Nitridation is the process in which, during the initial growth of a-SiNx:H layers on Si surfaces, nitrogen (N) is incorporated into Si lattice near its surface. We show that this nitridation process affects the density of interface states (Dit) and fixed charges (Qf) at the interface. These parameters determine the effective surface passivation quality of the layers. The nitridation can be tuned independently of the growth of a-SiNx:H layers by using a plasma treatment prior to actual a-SiNx:H layer deposition. It is shown that the Qf can be varied from 2·1012 to 15·1012 cm-2 without changing the a-SiNx:H deposition process. It is demonstrated that in our case and processing window, Qf is the determining factor in surface passivation quality in the range of 2·1012 to 8·1012 cm-2. For higher values of Qf, Dit has increased significantly and has become dominant thereby reducing the passivation quality. It is shown that the passivation can be controlled independently of the a-SiNx:H deposition process. On completed solar cells this variation in Qf due to nitridation results in a change in open-circuit voltage, Voc, of almost 20mV.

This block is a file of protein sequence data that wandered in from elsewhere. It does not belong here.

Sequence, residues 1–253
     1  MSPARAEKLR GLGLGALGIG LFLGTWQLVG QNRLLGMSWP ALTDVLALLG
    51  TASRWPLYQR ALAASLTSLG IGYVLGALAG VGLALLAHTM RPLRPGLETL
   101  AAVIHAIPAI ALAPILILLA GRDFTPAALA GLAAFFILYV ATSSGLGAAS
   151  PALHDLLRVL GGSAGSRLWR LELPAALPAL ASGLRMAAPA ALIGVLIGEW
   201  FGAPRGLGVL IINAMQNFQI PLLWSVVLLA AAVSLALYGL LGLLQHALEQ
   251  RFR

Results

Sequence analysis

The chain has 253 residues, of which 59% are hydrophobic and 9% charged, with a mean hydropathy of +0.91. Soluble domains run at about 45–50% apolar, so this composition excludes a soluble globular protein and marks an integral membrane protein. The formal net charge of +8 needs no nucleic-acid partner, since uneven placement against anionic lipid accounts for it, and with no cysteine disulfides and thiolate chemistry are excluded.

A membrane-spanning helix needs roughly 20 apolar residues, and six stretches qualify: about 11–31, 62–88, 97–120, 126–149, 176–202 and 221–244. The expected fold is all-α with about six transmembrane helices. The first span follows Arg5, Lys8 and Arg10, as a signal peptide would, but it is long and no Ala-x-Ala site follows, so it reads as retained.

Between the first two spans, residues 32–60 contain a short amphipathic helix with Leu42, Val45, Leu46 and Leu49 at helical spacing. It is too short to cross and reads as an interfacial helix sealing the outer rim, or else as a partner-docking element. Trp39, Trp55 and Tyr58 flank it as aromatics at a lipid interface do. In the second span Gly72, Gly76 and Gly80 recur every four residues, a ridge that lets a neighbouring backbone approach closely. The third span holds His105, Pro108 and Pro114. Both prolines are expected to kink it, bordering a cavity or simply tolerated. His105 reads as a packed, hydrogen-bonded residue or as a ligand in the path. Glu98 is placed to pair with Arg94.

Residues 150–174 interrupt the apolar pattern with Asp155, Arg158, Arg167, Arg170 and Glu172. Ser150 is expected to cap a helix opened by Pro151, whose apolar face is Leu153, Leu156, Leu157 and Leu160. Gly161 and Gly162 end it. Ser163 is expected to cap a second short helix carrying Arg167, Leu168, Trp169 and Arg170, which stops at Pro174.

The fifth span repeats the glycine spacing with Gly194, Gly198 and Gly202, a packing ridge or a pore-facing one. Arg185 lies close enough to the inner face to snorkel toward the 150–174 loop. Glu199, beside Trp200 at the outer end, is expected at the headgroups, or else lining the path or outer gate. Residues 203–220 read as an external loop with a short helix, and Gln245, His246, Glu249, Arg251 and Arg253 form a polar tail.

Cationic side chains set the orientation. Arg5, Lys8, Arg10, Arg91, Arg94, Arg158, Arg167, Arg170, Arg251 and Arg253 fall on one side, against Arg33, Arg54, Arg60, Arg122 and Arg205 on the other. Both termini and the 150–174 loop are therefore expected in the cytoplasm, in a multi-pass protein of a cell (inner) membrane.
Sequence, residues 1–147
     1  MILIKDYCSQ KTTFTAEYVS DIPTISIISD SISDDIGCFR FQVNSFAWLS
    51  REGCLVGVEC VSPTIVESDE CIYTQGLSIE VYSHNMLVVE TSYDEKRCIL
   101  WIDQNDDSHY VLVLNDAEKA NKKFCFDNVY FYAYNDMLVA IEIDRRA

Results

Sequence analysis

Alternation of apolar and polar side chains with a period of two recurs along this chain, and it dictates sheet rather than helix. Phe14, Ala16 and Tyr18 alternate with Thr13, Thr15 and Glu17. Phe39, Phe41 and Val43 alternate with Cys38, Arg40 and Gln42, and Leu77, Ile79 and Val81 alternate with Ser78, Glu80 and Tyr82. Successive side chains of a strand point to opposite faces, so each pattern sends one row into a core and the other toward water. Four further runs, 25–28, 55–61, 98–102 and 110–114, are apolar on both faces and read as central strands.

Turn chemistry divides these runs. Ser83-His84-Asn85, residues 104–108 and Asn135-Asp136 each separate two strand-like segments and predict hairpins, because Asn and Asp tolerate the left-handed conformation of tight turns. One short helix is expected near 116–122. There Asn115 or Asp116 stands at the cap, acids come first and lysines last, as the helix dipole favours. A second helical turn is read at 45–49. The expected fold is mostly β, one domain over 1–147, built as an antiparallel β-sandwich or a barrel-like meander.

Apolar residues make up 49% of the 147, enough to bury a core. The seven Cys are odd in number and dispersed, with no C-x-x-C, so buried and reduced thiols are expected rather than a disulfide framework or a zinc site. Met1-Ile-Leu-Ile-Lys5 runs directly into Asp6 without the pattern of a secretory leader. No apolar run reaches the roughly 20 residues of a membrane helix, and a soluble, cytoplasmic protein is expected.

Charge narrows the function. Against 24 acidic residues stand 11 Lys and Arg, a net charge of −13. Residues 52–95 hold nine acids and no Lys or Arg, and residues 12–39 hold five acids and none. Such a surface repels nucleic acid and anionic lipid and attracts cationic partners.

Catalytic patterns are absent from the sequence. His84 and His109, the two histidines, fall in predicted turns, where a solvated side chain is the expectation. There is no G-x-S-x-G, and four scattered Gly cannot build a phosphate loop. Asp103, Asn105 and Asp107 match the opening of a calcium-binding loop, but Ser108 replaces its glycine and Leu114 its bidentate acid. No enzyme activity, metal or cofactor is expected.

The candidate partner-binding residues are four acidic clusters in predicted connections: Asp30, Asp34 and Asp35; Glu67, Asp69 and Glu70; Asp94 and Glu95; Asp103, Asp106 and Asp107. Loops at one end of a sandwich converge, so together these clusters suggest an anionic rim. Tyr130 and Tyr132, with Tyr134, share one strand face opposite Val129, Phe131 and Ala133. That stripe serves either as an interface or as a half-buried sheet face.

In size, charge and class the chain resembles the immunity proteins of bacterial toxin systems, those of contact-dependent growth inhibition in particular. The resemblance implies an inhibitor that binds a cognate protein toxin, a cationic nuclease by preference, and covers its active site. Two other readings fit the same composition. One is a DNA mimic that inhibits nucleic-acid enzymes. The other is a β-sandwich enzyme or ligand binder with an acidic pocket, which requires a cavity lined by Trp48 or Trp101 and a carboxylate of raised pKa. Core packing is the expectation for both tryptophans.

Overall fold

This study investigates whether investors see through materially misstated earnings, and whether they anticipate earnings restatements. For firms that restate at least one annual report, we find that investors are misled by mistakes in reported earnings at the time of initial earnings announcements. Investors react positively to the component of the favorable earnings surprise that will subsequently be restated, and they attach the same valuation to it as to the true earnings surprise. We also find that investors anticipate the subsequent downward restatements and start marking stock prices down several months before a restatement announcement, so that the full impact of a restatement is about three times as large as the restatement announcement effect. Indeed, we show that investors punish restating firms because the stock price gains that shareholders enjoy when firms initially announce overstated earnings are more than reversed by the time of the restatement announcement.